Views expressed in opinion columns are the author’s own.
Thrifting and buying used clothes on consignment has gained popularity in recent years. Despite this “low-carbon” trend, the growth of fast fashion — which has made clothing a “nearly disposable” good — has not ceased. Each year, fast fashion makes up 10 percent of all global carbon emissions, and this number is projected to grow significantly in coming years. Additionally, people send millions of tons of textiles to landfills annually, and many will stay there for hundreds of years because clothing is increasingly made from synthetic materials that don’t decompose. College students ordering cheap garments from stores such as Forever 21 and Shein at extremely low prices only furthers the amount of clothing bought and added to landfills each year.
Uptown Cheapskate just opened in College Park, becoming the first consignment store in the city, and the closest of several used-clothing stores such as Value Village and Unique. For some students, having a consignment store close to campus could be their introduction to the used-clothing scene. This resell model is appealing for many reasons, including allowing students to make money from their old items, buying clothing for a lower price and providing a unique selection of items from the fast fashion trends everyone is wearing — and all with the added benefit of more ethical and sustainable consumerism. By buying used clothes, consumers aren’t directly supporting clothing manufacturing businesses, which contribute to environmental destruction and often exploit their workers.
Alternative Exchange, a pop-up thrift shop created by the same student leaders who ran the Maryland Food Co-op, is another innovative model for clothes sharing. It creates a model more community-oriented than Uptown Cheapskate, as students are able to swap old items for new ones and the prices are not increased to turn a large profit.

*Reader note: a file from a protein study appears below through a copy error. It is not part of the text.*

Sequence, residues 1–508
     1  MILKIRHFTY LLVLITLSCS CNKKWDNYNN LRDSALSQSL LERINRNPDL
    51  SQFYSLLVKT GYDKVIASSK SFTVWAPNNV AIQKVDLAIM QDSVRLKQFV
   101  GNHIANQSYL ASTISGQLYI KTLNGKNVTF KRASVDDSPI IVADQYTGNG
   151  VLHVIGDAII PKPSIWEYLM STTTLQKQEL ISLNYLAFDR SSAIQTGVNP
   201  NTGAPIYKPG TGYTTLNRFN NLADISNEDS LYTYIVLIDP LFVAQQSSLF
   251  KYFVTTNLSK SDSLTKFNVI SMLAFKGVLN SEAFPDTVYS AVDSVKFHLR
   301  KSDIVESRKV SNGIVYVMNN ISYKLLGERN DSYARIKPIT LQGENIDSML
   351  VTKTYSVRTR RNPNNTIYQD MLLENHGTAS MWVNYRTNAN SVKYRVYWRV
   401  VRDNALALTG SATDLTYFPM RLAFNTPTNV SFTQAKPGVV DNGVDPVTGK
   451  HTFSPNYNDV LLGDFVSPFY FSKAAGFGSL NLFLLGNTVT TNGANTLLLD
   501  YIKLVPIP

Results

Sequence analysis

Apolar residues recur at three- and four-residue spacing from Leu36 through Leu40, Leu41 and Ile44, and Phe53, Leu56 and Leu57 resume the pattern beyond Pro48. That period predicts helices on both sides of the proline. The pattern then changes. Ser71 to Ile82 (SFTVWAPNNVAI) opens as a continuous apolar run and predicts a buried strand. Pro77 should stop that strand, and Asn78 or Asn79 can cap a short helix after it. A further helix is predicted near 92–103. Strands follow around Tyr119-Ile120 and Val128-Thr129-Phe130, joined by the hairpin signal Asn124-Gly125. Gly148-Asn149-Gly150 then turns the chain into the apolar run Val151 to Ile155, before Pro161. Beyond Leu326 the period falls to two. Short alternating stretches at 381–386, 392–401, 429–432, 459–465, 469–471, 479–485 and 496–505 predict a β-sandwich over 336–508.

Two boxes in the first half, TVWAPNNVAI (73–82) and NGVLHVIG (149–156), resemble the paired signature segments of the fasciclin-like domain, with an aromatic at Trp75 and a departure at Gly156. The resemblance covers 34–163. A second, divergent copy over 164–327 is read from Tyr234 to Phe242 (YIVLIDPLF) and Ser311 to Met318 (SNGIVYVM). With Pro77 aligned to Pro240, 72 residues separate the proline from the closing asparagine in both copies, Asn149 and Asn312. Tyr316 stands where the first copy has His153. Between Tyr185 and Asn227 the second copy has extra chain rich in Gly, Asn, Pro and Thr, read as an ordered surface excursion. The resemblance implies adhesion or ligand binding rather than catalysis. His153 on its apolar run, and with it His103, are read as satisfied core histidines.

Having more options nearby, such as Uptown Cheapskate and Alternative Exchange — where students can sell, donate, or buy clothes from stores that their peers contribute to — may start to change how young people think about the life cycle of their wardrobes and may even change their relationships with shopping. The slow movement is a cultural change that takes the emphasis off growth and consumption, instead prioritizing buying only necessary goods ethically and sustainably. As we begin to change our economy to be less water-intensive, carbon-intensive and wasteful, we must address fast fashion as a key player in our collective overconsumption of resources. It’s a global phenomenon that needs serious attention, but we can start by applying slow movement values to our own community here in College Park, whether by sharing and upcycling clothes, swapping textbooks or handing down furniture at the end of each school year.
Stores such as Uptown Cheapskate can help divert textiles that may otherwise head to the landfill to new homes, but students can’t just thrift as a supplement to their otherwise over-consumptive diet. Buying new clothes and easing the guilt by donating them later is still contributing to the problem. We need a cultural shift away from fast fashion toward recycling and sharing what we already have.
Sonja Neve is a senior environmental science and policy major. She can be reached at firstname.lastname@example.org.
CORRECTION: Due to an editing error, a previous version of this story misspelled Rugged Wearhouse. Due to an editing error, a previous version of this story called Rugged Wearhouse a consignment store. It was a discount store but did not resell clothes. The story has been updated.